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Fisheries managers meet in Baltimore, MD on December 14, 2016 to make their soon to be infamous D-Day decision on the 2017 Atlantic Coast fluke season.
By Jim Hutchinson, Jr.

Depending on where you do most of your bucktailing, you’ll either be seeing worse fluke restrictions in 2017, or perhaps the very worst ever!

On Wednesday, December 14, 2016, members of the Mid Atlantic Fishery Management Council (Council) and Atlantic States Marine Fisheries Commission (Commission) voted to move a new summer flounder plan through for 2017 which includes options to curtail recreational fluke harvest in the upcoming season.

The suite of options to be made official and public in the coming weeks will address the requirement by NOAA Fisheries that the 2017 fluke harvest in both the commercial and recreational sector be cut by 30% in response to recent assessments showing the stock biomass to be in decline.

Due to overharvest by anglers in 2016 along the coast - according to NOAA Fisheries’ Marine Recreational Information Program (MRIP) - additional restrictions will be placed on the recreational sector to attain what equates to about 41% reduction in harvest for 2017 over the 2016 season.

For states at either end of the range - Massachusetts and North Carolina - the cutbacks in season and bag limit or increase in size may barely be noticeable; but the closer to the heart of the fishery you get, the more devastating the reductions become. Based on the Adaptive Regional Management approach which put Connecticut, New York and New Jersey into a unique management region for the past several seasons with a uniform five fish bag limit and 18-inch size restriction in 2016 and a 128-day season, the same regionalized approach for 2017 would result in a two fish at 19-inch size limit and an open season as high as 107 days and as short as just 88 days.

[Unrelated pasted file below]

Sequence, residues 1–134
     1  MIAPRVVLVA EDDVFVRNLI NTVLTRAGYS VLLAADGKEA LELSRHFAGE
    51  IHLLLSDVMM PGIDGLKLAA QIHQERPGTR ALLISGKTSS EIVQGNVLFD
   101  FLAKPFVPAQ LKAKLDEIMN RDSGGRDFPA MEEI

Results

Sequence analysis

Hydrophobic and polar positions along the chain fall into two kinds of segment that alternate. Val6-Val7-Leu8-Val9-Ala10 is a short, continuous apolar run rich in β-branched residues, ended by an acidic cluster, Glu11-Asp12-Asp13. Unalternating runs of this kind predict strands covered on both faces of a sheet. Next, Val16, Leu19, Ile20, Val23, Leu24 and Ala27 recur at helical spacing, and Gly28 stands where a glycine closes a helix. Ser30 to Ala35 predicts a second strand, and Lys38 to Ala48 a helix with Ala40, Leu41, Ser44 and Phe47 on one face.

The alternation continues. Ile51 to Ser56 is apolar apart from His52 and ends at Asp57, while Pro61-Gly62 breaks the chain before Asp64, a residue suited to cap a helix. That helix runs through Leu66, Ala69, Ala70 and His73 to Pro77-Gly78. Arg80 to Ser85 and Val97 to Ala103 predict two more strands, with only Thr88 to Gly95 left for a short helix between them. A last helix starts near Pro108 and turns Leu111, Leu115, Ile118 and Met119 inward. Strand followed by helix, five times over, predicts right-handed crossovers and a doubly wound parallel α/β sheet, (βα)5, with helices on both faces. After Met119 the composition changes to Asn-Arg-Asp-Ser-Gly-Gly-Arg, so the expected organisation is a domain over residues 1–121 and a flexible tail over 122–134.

Under state-specific management options, Connecticut anglers would be forced to cut their allowable harvest by 81% for a two fish at 21-inch size limit and 53 days, New York would have to cut back by 73% with a two fish at 21-inch size limit and 66-day season, while New Jersey could go to three at 18 inches with just 81 days of allowable fishing. That same state-specific conservation equivalency approach would result in a four fish at 18-inch size limit with a 105-day season in Rhode Island, and four fish at 19 inches in Delaware with a year-round fishery. Massachusetts, Maryland, Virginia and North Carolina on the other hand would not have to restrict limits based on the MRIP data.

Other options contained within the draft document falling under the Alternative Management Approach model include a fish sharing option to essentially distribute unfished quota from unaffected states to those requiring the biggest cuts, a 1-inch size increase across the board with subsequent bag and season reductions, a 30% across the board cut with 2016 overage penalties for individual states, and a 1-inch size increase coupled with a 30% across the board cut.

Review each of these four alternate management options by clicking in the corresponding photo in the gallery in the upper right hand side of the page.

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